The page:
If you or your spouse has filed for divorce, you can expect decisions regarding your marital residence and mortgage to be tackled. It is important to decide how to deal with your mortgage during a divorce. If you are like many couples, you probably bought a house together and carry a huge balance on your mortgage. And you may want to keep the house for your children; however, you are not sure how to separate the mortgage obligation.
Although it is normal for parents to ensure their children have a place to stay even after their parents’ divorce, keeping the marital home for their sake and forgoing other assets is not a good solution. If you want to fully understand what’s important for your children, you consider working with a child specialist. Although decisions during divorce usually carry serious emotions with them, you need to stay objective, so you can make the right choices for your future and your children’s. When deciding whether to let go of the marital home or let a spouse keep it, you must consider if the spouse who wants to retain ownership of the house can afford to do so. If the house has equity in it, how will the spouse who will move out of the house get their share of the equity? A sandy divorce lawyer and a neutral financial expert can help you reach fair agreements and sort through the options. The following are possible options you have with regards to your marital residence during divorce:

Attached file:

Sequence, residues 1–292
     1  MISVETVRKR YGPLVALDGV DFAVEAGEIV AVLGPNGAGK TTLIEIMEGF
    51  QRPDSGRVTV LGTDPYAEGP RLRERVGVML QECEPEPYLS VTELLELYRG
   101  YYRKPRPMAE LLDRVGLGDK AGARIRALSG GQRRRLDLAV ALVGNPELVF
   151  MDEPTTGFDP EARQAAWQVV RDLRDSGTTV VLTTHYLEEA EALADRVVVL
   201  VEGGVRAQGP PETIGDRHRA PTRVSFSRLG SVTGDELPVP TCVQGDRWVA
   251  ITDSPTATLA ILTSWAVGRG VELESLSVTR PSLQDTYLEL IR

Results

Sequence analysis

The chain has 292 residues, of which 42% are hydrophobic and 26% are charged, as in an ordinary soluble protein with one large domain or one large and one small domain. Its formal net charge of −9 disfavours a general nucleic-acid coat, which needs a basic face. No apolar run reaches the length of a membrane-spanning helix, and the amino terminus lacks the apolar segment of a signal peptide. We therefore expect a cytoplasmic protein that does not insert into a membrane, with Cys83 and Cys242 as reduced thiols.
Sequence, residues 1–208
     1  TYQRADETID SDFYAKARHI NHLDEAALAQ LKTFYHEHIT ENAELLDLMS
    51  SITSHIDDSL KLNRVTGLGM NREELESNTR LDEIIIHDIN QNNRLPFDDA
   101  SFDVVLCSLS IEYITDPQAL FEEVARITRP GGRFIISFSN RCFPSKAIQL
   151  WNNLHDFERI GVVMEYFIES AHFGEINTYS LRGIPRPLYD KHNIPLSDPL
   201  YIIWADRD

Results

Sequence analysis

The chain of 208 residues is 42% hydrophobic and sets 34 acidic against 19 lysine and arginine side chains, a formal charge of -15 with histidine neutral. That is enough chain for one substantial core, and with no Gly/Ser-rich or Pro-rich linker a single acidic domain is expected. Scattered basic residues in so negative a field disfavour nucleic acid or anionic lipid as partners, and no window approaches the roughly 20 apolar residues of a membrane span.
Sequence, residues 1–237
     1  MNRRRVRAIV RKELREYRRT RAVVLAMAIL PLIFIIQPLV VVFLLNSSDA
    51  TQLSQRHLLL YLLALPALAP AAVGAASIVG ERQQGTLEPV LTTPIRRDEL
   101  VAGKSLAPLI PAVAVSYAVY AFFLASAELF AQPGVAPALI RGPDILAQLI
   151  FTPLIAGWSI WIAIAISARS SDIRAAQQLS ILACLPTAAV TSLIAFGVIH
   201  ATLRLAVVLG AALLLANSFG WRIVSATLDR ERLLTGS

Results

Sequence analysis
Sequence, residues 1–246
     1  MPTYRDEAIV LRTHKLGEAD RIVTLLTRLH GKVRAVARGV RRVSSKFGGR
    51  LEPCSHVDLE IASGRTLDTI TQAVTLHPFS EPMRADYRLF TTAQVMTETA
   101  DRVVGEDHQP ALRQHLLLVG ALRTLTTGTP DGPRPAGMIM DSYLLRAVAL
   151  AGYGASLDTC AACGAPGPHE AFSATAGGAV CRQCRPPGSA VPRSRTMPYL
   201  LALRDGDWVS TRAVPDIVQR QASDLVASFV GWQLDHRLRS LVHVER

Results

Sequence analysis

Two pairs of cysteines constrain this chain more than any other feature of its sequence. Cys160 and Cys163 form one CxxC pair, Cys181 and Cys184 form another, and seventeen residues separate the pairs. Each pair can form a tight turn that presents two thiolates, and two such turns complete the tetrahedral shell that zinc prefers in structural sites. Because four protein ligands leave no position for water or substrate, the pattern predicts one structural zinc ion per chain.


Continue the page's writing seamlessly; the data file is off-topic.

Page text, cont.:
Refinancing the Mortgage
If you choose to refinance the mortgage, the spouse who will keep the house must qualify for the loan on their own. The other spouse will be removed from the obligation. Before you choose this option, consider if the spouse has sufficient income to qualify for the new mortgage. If this spouse is counting on spousal support and child support, determine which terms will this income be considered by the lender. Your attorneys can help you explore options. For instance, a spouse can offset the equity against other marital assets or make a cash buyout of the equity.
Selling Your House
You and your spouse can decide to sell the marital home. If it has significant equity, it can give you both some funds to start over.
Staying With Your Existing Loan
Even if only one of you continues to live in the house, you can choose to stay with your existing loan. With this option, you don’t have to refinance the house.